Fewer people visited Scottish shops in July but more premises were occupied than the previous month, according to latest industry figures.
Footfall in Scotland fell for the second month in a row – down 1.9 per cent in July following a 3.3 per cent fall in June, the Scottish Retail Consortium (SRC) said. However, the vacancy rate improved to 7.5 per cent In July, down from from 8.4 per cent in April.
These results are something of a mixed bag for Scotland’s retail industryDavid Lonsdale, SRC
SRC director David Lonsdale said: “These results are something of a mixed bag for Scotland’s retail industry, with a welcome reduction in the shop premises vacancy rate unfortunately coupled with shopper footfall flagging once again. Indeed shopper footfall in stores dipped for a second successive month and at a faster rate than the average over the past three months, pointing to a continuing fragility in demand and the ongoing popularity of online retailing.”
He added: “These are testing times for the industry, which is Scotland’s largest private sector employer, and the Holyrood government and MSPs can assist by taking tangible action in the upcoming Scottish Budget to bolster consumer and business sentiment. Retailers will be looking for a clear road map for future tax and regulatory changes, a tight lid on personal and business tax rates and charges, and for the scrapping of the Scotland-only rates surcharge on medium and larger sized firms.”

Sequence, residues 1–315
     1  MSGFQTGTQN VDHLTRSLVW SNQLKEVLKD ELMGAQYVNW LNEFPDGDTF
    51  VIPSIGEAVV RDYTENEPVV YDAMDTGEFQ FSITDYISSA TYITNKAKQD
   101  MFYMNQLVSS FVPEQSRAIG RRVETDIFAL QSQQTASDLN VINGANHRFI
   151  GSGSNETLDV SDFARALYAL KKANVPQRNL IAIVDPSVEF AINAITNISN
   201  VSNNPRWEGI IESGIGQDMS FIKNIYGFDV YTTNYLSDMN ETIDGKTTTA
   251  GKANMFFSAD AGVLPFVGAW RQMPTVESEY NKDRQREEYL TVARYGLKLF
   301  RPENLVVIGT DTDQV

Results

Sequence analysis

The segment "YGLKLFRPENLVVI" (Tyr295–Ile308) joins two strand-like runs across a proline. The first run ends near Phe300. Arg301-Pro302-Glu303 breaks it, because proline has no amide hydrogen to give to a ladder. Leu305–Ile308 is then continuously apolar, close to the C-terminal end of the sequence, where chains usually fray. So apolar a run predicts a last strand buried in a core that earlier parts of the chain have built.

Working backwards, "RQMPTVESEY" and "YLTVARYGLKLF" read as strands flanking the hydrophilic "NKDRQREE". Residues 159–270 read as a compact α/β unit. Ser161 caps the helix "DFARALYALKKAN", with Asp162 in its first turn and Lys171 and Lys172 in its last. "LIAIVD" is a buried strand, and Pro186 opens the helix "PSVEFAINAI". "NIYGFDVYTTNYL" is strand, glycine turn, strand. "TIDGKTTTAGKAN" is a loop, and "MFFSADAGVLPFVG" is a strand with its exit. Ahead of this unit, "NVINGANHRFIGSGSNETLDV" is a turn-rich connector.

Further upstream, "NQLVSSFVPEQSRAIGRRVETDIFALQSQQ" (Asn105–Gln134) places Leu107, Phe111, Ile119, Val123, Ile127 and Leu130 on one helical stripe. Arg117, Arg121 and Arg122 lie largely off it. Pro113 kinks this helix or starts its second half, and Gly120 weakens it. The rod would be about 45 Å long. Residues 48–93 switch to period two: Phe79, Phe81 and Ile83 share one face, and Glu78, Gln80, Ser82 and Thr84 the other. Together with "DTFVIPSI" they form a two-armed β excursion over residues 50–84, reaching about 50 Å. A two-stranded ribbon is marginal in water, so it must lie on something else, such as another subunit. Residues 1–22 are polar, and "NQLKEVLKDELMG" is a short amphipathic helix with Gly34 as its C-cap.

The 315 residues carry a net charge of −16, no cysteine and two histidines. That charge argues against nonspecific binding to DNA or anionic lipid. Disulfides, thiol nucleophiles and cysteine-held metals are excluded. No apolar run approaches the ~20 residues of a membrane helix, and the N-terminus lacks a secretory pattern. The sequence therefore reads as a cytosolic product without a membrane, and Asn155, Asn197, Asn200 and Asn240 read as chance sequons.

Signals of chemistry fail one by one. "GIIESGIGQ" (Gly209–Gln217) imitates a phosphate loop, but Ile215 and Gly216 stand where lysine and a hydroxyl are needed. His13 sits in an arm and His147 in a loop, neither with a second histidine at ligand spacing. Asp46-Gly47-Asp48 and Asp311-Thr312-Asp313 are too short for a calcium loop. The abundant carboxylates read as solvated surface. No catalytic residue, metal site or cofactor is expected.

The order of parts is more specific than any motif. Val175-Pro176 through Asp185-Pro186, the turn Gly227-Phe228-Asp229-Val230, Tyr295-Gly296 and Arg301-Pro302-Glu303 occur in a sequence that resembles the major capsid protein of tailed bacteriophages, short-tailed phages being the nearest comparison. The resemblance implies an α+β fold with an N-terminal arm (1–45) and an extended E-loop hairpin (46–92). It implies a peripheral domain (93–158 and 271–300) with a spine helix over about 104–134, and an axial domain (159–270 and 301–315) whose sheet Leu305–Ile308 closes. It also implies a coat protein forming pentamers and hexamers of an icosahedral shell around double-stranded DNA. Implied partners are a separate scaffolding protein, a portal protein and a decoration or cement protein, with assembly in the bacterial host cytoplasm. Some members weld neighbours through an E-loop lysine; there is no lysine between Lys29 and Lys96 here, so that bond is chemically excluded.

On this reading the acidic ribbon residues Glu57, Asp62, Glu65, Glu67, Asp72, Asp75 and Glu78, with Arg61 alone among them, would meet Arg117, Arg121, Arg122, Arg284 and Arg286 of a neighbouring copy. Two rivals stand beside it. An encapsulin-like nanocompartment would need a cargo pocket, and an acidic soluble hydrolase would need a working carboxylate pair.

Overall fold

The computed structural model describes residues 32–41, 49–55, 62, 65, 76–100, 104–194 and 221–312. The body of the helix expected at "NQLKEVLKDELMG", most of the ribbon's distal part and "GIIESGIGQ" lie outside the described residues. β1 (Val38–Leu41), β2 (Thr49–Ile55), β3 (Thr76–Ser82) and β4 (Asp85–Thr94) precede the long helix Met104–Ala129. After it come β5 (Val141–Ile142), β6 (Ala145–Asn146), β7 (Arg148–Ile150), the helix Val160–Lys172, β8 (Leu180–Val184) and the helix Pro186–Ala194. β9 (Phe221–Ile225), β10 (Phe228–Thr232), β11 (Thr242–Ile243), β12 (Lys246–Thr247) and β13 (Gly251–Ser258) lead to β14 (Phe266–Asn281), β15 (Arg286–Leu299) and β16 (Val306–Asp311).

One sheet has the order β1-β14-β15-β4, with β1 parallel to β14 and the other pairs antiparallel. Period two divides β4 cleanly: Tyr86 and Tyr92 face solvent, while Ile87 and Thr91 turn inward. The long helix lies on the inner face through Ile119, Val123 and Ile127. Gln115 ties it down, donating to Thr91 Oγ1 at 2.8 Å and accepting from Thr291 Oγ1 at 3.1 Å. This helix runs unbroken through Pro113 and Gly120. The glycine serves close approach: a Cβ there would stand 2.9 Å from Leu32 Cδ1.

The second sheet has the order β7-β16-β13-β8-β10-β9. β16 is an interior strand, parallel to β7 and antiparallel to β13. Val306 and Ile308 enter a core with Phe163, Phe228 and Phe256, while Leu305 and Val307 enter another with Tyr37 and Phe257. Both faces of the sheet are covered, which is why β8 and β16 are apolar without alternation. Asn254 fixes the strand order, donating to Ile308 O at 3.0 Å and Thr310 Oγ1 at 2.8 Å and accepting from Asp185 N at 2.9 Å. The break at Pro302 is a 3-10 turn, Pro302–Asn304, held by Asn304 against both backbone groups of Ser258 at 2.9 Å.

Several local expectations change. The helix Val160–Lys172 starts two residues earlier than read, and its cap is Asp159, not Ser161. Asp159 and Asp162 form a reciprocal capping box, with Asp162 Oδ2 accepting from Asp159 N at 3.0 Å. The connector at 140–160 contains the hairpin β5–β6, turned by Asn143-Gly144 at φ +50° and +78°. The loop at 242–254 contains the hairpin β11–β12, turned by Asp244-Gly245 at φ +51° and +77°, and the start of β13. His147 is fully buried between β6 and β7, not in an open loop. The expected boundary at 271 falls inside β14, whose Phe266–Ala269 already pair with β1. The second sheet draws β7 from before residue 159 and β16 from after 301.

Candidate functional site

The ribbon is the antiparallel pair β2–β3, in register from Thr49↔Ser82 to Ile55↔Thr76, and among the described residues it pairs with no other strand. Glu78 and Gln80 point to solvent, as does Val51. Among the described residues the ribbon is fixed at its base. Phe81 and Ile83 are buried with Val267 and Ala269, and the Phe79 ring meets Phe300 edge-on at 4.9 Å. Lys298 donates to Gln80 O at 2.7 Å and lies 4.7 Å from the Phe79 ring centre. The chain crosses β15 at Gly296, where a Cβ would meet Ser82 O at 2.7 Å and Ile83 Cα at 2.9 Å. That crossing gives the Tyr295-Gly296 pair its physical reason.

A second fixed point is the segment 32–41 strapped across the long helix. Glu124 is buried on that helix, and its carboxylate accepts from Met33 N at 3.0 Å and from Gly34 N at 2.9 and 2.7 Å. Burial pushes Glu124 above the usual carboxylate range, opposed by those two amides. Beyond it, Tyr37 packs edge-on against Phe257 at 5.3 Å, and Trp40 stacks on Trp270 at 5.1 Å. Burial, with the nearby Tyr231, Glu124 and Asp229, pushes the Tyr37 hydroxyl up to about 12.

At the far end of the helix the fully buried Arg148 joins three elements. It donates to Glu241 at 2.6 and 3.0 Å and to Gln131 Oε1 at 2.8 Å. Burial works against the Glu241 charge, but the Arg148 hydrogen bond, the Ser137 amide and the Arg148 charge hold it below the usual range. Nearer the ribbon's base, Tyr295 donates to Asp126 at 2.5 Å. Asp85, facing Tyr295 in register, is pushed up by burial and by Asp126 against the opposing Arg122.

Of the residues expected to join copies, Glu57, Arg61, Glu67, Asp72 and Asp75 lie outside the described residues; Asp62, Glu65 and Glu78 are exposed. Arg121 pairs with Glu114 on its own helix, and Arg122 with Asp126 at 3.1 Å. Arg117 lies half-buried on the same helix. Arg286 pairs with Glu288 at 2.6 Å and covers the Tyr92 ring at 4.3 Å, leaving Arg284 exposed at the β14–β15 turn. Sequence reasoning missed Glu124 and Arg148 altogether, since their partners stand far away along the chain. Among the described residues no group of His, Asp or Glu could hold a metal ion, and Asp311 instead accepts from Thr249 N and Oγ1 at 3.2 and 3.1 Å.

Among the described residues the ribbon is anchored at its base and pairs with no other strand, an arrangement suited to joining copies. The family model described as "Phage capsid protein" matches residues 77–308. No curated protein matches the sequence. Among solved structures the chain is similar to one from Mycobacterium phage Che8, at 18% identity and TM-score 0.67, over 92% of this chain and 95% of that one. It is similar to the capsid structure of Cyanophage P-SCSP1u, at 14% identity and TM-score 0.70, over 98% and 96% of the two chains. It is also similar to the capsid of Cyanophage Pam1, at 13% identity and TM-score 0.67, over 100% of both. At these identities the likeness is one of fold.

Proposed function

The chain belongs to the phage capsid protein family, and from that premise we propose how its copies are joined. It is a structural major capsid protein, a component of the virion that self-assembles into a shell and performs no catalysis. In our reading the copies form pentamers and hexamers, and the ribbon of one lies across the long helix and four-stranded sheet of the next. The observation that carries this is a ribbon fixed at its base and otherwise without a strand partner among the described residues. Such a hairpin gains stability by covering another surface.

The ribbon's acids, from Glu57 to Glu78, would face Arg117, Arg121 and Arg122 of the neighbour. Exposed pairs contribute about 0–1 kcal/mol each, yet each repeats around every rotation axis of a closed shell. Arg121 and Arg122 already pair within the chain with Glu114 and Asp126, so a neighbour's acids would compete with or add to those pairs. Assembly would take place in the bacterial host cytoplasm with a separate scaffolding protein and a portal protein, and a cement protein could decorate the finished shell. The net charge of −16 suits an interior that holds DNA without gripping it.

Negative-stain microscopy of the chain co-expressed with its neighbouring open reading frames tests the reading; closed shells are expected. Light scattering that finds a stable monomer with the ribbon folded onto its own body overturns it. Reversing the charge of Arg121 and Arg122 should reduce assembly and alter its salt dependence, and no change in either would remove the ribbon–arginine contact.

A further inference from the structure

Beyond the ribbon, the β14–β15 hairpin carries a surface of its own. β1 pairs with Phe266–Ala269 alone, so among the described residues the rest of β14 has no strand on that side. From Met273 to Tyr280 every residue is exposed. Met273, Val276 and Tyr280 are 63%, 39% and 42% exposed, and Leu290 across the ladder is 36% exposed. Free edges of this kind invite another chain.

Diane Wehrle, marketing and insights director at retail analysts Springboard, said: “Unlike the UK, where vacancies increased by 0.5 percentage points to 10.1 per cent, the vacancy rate in Scotland dropped by 0.9 percentage points from an already strong level of 8.4 per cent to 7.5 per cent.
“Not only is this the second-lowest level of any area in the UK, but it has noticeably improved from a rate of 10.6 per cent in July 2015. The April-to-June quarter can prove irregular, as typically post-Christmas pop-ups and temporary stores disappear from the high street.
“Across the UK it seems that the EU referendum and political and economic uncertainty of the last quarter will have deterred some retailers from taking on leases but Scotland appears to have been insulated from this. The next quarter’s figures will be the ones to watch to get a clear picture on any continued increase in vacancy rates, which would be concerning for town centres across the UK.”